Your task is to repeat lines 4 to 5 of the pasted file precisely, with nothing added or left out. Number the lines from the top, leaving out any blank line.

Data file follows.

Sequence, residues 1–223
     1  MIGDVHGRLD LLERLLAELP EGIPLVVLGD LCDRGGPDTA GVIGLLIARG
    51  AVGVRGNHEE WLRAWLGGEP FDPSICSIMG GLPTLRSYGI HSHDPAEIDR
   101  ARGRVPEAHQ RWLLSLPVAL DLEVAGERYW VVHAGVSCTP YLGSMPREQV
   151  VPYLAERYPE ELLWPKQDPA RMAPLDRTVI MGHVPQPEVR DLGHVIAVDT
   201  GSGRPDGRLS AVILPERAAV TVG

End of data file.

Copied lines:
   101  ARGRVPEAHQ RWLLSLPVAL DLEVAGERYW VVHAGVSCTP YLGSMPREQV
   151  VPYLAERYPE ELLWPKQDPA RMAPLDRTVI MGHVPQPEVR DLGHVIAVDT